And What Can Be Said of Many A.A. Members (Step Twelve continued)

And what can be said of many A.A. members who, for a variety of reasons, cannot have a family life?  At first many of these feel lonely, hurt, and left out as they witness so much domestic happiness about them.  If they cannot have this kind of happiness, can A.A. offer them satisfactions of similar worth and durability?  Yes–whenever they try hard to seek them out.  Surrounded by so many A.A. friends, these so-called loners tell us they no longer feel alone.  In partnership with others–women and men–they can devote themselves to any number of ideas, people, and constructive projects.  Free of marital responsibilities, they can participate in enterprises which would be denied to family men and women.  We daily see such members render prodigies of service, and receive great joys in return.

I like that part about trying hard!

From the time I was 16 and continuing till now, I’ve been involved with people on a daily basis.  I did spend seven years single in between my marriage breaking up and meeting Carole, but I had small children then, and so a daily family life.  Now that my kids are older and not daily for me anymore, I’m again married.

It often occurs to me that Carole and I are one of a few couples among our AA friends.  There are even a few couples we know who have been together longer than we have, but not many.  Most have been together for less time, and most of our friends are single, and some are in dysfunctional relationships that probably will and probably should break up.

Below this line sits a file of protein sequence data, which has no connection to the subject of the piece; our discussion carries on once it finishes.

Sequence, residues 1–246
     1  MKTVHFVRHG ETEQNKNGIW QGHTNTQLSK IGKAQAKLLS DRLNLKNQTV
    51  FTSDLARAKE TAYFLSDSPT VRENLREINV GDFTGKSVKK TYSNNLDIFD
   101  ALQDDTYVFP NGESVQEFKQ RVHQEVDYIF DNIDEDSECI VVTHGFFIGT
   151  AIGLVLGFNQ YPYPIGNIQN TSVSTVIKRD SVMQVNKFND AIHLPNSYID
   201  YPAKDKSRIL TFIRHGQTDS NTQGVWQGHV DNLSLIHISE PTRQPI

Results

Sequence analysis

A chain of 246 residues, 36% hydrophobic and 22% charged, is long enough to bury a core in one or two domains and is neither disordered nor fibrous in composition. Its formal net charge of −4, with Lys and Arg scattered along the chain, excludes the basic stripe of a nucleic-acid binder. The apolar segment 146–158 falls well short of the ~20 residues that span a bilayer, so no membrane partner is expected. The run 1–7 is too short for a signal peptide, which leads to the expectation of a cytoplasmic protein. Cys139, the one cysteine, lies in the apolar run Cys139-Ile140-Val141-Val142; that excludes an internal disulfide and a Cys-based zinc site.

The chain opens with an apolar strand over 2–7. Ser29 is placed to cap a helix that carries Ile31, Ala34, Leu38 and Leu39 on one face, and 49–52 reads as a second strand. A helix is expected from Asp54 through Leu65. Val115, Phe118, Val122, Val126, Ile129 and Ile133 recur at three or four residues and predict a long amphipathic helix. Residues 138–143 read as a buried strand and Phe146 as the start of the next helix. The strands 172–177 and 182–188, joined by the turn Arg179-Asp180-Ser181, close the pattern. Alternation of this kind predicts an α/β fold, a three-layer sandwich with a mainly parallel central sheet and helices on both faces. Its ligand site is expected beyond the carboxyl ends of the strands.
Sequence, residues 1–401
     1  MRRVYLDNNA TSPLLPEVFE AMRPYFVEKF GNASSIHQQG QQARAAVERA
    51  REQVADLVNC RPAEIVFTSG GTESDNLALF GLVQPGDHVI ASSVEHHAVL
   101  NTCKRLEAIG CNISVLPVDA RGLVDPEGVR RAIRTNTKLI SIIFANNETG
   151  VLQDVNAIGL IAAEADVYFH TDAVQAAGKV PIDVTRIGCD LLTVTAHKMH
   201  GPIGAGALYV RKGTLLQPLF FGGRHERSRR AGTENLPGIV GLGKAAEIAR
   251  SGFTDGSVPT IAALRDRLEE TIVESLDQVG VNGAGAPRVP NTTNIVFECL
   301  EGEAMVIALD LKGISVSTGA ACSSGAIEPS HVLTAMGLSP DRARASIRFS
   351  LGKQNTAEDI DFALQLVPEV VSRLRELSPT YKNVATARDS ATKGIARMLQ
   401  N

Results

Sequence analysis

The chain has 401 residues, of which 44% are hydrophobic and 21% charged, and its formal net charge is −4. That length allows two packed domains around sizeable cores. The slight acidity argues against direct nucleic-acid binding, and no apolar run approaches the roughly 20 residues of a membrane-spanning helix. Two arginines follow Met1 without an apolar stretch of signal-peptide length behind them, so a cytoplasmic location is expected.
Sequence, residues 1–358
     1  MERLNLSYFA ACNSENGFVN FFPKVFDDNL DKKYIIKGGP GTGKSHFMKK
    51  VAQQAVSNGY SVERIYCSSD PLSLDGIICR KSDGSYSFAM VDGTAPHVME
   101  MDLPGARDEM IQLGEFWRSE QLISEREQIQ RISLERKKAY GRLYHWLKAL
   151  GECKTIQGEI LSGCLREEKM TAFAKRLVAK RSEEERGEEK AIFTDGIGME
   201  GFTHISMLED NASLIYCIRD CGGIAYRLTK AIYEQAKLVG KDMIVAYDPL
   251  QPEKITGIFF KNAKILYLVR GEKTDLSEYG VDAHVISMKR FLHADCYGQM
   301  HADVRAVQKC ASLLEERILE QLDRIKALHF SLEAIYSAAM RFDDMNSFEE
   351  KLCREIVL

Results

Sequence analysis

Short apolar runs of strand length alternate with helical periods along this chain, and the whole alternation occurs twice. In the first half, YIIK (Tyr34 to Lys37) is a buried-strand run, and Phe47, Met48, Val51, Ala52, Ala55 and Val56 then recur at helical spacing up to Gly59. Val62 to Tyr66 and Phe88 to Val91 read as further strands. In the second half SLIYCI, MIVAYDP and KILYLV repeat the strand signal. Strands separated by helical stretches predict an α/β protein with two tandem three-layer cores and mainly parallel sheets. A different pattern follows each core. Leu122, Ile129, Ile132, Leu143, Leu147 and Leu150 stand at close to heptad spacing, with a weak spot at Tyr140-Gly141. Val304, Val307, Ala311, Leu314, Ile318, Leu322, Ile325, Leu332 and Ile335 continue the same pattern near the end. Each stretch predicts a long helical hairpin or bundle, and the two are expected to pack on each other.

I know it is in Carole’s make-up to be part of a couple.  Even if she doesn’t know it.  Though I think she does.  I’m more surprised at myself.  As an only child, I like a certain, big amount of solitude and I absolutely need time to do “nothing” to keep an emotional balance.

The above passage cracks me up also in that it assume so much domestic happiness.  I’m sure single folks are often very grateful not to have the problems that family life brings.  I can absolutely see how being involved in AA activities would be a very good way to spend time, and I hope I do that if I’m ever in the position where I’m not coupled or otherwise engaged with daily family life, and/or if I’m ever not working full-time.

Bottom line:  for a person who has recovered from alcoholism, AA activities are an excellent way to spend great amounts of time.  I personally would have no time for anything else, if there was no AA.


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